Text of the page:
Thursday, June 18, 2015

What I saw (and heard) at the trance mediumship demonstration

I recently attended a four-day conference of the Academy for Spiritual and Consciousness Studies (of which I am a member), held at Chapel Hill, North Carolina. There were so many presenters that some time slots had to be triple-booked, based on loosely defined subject categories. The common denominator was that all involved paranormal phenomena related to spiritual growth, healing, or a mixture of the two.

It would be futile to summarize the whole conference, and even capsule accounts of several presentations would make this post way too long. So I'll concentrate on a single event that made quite an impression, very likely, on just about everyone who witnessed it.

The session -- added to the schedule almost just before the conference and taking place late in the evening of the first full day -- was a demonstration of trance mediumship.

You know what that means, right? A medium is a person who acts as a link between spirits not physically present on earth and a group of observers, often called sitters in a small group or séance. This was not a small assembly, however, but nearly everyone present for the conference. Some mediums transmit messages from spirits while in an otherwise normal state of consciousness; some under hypnosis or self-induced trance; a few while unconscious and oblivious to the here-and-now world.

Since the medium at the ASCS demo is completely open about her ability and has written books about what she does and related topics, there is no reason to conceal her identity. Her name is Suzanne Giesemann.

For a medium, her background is as unlikely as you could make up. Her previous career was in the U.S. Navy, where she held the rank of commander, and was at one time an aide de camp to the Joint Chiefs of Staff. She is married to the captain of a destroyer. It can safely be assumed that she did not go through a Flower Child or New Age unicorns-and-butterflies period. Suzanne acknowledges that if anyone had predicted, years ago, that she would be doing what she is doing these days, she would have thought the idea mad.

Before sitting down to begin the mediumistic segment, she spoke as her normal self about what those of us (including myself) who had never been at one of her inter-world transmissions might expect. The entity she would "bring through" is a guiding spirit known as Sanaya. Actually, Sanaya is said to be a collective consciousness rather than an individual spirit. Adopting a single name for a discarnate crew may be to keep embodied audiences from being distracted by seemingly different entities. Also, we are told, spirits don't attach much importance to names, since they know one another intimately by thought.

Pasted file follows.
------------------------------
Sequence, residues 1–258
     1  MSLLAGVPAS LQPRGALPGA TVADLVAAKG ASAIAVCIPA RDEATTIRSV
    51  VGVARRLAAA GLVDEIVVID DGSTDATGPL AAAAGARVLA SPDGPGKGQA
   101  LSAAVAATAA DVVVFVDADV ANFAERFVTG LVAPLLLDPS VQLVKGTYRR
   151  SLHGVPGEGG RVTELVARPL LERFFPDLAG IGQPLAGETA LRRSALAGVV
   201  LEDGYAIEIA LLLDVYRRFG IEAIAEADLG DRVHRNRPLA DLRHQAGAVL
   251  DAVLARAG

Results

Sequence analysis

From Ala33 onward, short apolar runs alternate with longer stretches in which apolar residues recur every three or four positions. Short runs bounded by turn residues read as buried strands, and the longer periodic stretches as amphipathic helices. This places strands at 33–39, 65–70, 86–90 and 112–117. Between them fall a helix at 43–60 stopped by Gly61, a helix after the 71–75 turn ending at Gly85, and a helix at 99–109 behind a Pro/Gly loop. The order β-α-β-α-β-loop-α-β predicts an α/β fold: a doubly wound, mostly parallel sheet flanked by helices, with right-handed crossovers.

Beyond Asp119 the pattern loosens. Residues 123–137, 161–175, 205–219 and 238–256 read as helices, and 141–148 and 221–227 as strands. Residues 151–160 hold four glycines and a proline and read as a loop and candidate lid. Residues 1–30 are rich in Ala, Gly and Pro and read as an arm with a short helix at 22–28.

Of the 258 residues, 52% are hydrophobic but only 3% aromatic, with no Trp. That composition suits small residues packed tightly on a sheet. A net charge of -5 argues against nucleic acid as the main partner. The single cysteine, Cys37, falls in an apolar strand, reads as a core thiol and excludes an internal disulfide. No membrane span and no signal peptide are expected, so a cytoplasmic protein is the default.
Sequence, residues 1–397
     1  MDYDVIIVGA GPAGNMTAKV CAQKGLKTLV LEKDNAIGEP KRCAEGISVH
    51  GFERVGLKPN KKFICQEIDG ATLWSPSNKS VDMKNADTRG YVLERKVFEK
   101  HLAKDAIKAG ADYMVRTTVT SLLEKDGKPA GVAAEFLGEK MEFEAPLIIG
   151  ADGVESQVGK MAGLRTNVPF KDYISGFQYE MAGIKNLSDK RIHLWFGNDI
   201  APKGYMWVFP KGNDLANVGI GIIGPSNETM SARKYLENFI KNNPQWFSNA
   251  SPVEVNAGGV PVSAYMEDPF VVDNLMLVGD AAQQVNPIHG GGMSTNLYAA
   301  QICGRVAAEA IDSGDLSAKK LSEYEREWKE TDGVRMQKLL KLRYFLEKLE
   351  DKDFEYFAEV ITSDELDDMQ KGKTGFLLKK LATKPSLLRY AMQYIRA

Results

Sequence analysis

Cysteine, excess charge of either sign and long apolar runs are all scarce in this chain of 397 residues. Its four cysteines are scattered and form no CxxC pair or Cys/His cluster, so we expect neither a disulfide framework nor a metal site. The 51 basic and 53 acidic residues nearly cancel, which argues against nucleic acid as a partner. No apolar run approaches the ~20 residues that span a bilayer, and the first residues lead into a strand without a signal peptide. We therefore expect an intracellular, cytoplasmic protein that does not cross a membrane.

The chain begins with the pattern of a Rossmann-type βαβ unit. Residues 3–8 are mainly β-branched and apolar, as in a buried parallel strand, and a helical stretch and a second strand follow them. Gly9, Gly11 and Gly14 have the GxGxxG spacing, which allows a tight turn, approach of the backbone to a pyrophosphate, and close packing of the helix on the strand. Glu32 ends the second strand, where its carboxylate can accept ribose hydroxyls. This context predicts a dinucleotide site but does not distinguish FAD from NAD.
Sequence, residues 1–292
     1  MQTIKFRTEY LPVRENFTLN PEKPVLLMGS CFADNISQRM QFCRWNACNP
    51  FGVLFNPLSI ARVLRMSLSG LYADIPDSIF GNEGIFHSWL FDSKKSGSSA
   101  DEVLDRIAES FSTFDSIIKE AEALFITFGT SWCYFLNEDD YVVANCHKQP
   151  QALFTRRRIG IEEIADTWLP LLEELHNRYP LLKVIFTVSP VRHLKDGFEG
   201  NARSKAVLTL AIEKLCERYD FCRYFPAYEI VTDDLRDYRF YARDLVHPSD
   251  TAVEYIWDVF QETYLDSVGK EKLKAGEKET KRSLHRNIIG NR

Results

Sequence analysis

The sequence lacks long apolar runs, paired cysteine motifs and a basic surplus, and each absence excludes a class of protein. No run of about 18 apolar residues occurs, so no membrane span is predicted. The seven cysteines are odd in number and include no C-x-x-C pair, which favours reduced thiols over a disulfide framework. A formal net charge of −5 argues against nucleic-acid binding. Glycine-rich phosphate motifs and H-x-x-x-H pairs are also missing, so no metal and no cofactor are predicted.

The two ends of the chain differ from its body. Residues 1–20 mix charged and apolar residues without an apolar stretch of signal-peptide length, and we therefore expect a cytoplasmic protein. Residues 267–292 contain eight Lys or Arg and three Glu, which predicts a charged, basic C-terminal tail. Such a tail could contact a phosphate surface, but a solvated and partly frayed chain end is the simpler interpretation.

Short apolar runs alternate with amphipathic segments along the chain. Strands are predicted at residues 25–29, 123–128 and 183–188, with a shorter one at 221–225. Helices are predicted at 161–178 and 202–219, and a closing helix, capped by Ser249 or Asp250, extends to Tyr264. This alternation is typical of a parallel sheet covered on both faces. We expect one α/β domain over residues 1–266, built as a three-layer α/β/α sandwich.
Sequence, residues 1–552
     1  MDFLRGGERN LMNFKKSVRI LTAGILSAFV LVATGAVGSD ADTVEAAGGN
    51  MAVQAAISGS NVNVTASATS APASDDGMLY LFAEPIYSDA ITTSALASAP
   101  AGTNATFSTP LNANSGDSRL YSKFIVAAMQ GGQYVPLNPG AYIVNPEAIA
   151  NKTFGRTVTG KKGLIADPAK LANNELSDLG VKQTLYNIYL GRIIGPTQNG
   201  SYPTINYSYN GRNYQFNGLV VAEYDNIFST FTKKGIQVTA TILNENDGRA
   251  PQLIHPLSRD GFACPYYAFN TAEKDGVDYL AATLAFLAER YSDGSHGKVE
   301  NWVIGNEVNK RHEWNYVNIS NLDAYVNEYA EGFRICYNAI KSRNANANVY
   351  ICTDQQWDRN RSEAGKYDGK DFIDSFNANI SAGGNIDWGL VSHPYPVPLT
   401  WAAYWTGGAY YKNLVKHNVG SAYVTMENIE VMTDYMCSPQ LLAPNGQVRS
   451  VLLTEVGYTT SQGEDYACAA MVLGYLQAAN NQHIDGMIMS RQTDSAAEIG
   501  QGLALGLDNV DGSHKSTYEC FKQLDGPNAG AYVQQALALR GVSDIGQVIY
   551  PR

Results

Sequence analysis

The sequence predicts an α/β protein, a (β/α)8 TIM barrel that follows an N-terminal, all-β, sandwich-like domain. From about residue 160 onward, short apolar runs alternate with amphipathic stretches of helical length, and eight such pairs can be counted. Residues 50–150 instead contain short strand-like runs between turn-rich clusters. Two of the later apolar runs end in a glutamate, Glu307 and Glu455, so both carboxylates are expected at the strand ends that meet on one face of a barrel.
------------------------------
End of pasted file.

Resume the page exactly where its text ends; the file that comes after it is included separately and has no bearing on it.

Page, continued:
Suzanne's manner during her introduction was lively and vivacious, but content aside, no different from many practiced speakers on any subject. She seated herself; some recorded inspirational music (which I thought cloyingly awful, but chacun à son goût) was played; and she then sat quietly for about two minutes, almost motionless except for some deep breaths.
Then Suzanne was no longer there. Someone else had taken her place.

Now that sounds extravagant, maybe ridiculous. Of course I don't mean that her body disappeared and a completely different one inhabited the space. But a new personality took over. 

I can't honestly say how much the actual tone of her voice, its timbre, differed from that she'd been using before going into a trance; I was too focused on the transformation of her speech pattern and gestures.

First, in place of the animated manner Suzanne had displayed when "herself," she now spoke slowly and solemnly. Okay, no big deal. Anyone could do that, and I mention it only to fill out the account that follows.

She -- might as well call her Sanaya -- spoke English, but in an extraordinary accent. It was not hard to understand her words, but the accent was unlike anything I've ever heard. It comes as near as matters to being indescribable, but here's a very rough idea. Try to imagine a cross between the pronunciation of an Irish person and an East Indian, with a few additional odd twists.

I don't think there could be any such blend in our world. Even if a person grew up in India and moved to Ireland at a young age, I doubt that a similar pattern would emerge. For one thing, accents are strongly shaped by the first influence. People raised in the U.S. deep South still talk like southerners even if they've lived in Boston for 40 years, and if the original accent is modified it is only partly so -- you don't get a 50-50 balance.

Mark you, I'm not saying Sanaya spoke in a mixture of Irish and Indian, with some other flavoring rounding it out, just trying to suggest its utter strangeness. So strange that any person in the audience might give a different description.

Beyond the way Sanaya shaped her vowels and consonants, the syllables emphasized were often different from those of someone speaking any variety of English (and often, it seemed, the stress was on the final syllable). I didn't write down any particulars (or take notes at all, being too absorbed in what was happening). But, for a made-up example, the word undoubtedly might have sounded like "und-out-ed-ly."

She spoke with great dignity.

Suzanne's gestures while speaking were large, dramatic, extraverted. Sanaya moved her hands slowly and gracefully, like a ballerina. 

Why all this description? What about the content of Sanaya's "talk" and the answers to questions put to her by audience members?

As you can gather, I was too caught up in studying the style to fully pay attention to the content. The meaning I did take in was warm and elevated, but perhaps offered no particular evidence that it came from a disembodied source. In a printed transcript, it might not be unlike much you've already read.